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Pakistan: bolstering regional ties

Pakistan: bolstering regional ties

The recent decision to bolster trade and investment relations between Pakistan and the UAE represents a positive step in enhancing Pakistan’s economic standing within the region. At the Joint Ministerial Commission of Pakistan and the United Arab Emirates, Prime Minister’s Adviser on National Security and Foreign Affairs Sartaj Aziz said that “tangible economic gains” had paved the way for deepening bilateral trade ties.

The UAE Foreign Minister Shaikh Abdullah bin Zayed Al Nahayan spoke of removing “irritants” to ensure the development of commercial relations. Though the UAE is Pakistan’s largest trading partner with annual bilateral trade at $10 billion, the UAE Foreign Minister said that the “ambition and potential” for trade was far higher. With the object of advancing trade ties, a Memorandum of Understanding was signed between the Securities and Exchange Commission of Pakistan and Securities and Commodities Authority of the UAE. A joint trade council has also been established to promote trade and business between Pakistan and the UAE.

The UAE government also expressed interest in exploring opportunities in Pakistan’s renewable energy sector. Renewable energy projects are being pursued to overcome Pakistan’s ongoing energy crisis which continues to gravely threaten its economic future.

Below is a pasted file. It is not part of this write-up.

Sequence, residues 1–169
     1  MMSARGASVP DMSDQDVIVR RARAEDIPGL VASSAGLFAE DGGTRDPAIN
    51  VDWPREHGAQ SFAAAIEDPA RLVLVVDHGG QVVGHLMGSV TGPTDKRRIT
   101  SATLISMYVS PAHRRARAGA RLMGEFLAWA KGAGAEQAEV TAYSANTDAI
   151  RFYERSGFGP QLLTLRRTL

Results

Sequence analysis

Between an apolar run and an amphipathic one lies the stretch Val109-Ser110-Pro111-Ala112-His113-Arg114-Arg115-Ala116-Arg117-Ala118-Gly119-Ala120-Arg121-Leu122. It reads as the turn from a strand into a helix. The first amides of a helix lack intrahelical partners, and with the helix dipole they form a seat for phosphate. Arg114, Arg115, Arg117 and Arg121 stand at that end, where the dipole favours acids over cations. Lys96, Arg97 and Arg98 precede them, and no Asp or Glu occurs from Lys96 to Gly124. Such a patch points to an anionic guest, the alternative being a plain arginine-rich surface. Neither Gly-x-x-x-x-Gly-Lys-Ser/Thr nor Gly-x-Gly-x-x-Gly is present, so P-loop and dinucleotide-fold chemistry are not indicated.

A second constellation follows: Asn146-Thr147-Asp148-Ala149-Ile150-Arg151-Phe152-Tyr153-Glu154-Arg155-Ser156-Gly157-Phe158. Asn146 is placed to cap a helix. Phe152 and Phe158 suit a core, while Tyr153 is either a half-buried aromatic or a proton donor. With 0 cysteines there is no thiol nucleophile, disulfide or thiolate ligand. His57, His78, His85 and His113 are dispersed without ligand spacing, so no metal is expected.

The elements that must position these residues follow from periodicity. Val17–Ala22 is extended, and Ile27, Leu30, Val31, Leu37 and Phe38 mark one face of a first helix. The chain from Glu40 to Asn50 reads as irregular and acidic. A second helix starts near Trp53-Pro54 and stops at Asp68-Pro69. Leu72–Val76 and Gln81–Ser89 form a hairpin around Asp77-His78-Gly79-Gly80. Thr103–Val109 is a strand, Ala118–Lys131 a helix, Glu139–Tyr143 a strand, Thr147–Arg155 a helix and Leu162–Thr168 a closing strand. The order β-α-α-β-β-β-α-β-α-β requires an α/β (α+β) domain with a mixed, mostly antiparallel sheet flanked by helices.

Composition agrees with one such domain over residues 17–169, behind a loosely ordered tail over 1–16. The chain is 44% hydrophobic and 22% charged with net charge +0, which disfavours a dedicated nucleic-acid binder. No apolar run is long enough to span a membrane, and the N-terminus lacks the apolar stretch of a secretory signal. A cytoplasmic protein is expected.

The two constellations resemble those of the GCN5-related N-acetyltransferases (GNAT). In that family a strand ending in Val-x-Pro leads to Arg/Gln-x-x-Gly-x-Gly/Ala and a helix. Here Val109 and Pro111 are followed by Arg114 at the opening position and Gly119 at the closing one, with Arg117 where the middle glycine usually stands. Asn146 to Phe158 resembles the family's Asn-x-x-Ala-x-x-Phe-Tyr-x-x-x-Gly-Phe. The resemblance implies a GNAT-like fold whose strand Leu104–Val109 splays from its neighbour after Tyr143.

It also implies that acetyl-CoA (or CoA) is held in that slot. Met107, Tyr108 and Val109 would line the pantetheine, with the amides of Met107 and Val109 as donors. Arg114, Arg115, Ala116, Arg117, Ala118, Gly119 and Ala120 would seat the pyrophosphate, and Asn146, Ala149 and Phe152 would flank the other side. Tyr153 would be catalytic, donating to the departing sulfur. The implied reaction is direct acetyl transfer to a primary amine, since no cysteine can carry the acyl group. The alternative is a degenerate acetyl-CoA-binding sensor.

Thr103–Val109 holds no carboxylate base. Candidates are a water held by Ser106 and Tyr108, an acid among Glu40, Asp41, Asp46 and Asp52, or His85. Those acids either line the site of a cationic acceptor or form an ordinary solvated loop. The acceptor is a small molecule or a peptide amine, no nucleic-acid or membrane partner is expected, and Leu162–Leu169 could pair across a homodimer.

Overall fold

Over the years, the UAE has provided substantial economic assistance to Pakistan, particularly during times of crisis including in the aftermath of the 2010 floods. The President of the UAE, His Highness Sheikh Khalifa bin Zayed Al Nahayan ordered the immediate delivery of relief material to shelter displaced people in the flood stricken areas. Similarly, in the wake of the 2005 earthquake, the UAE government provided unconditional support to Pakistan.

Sustaining peace within the region remains the best way forward for deepening ties with all trading partners. With a view to consolidate regional relations, Prime Minister Nawaz Sharif boldly asserted that Pakistan was willing to go the “extra mile” to realise lasting peace with India. He also called for a resolution of the historically contentious  Kashmir issue through dialogue, “Kashmir, of course, is a very difficult issue and very difficult to resolve but I think, by sitting and talking, we will be able to find some way of resolving that, too,” said Prime Minister Nawaz Sharif at the U.S. Institute of Peace, “Because that is a flashpoint not only in the region, but the whole world.”

The seemingly intractable problem of Kashmir has precluded any meaningful peace between the neighbouring countries for decades. In fact, fierce clashes between Pakistani and Indian forces in recent months have resulted in  heightened animosity between the two nuclear rivals. Sadly, the colonial legacy of ‘divide and quit’ continues to wreak havoc with overlapping identities and territories still being negotiated and redefined, largely through violence.

Ongoing border incursions and protracted tensions with India starkly illustrate how the trauma of occupation, partition and dislocation continue to reverberate across the subcontinent to this day. In spite of the shared history and the increasingly collaborative cross border cultural endeavours between the two countries, recurring cross border strife indicate that the wounds of the past have not yet healed.

Prime Minister Nawaz Sharif’s overtures for pursuing peace represents a shift from the past with a view to recast the relationship into a more mutually beneficial and productive arrangement to ensure peace and prosperity in South Asia.

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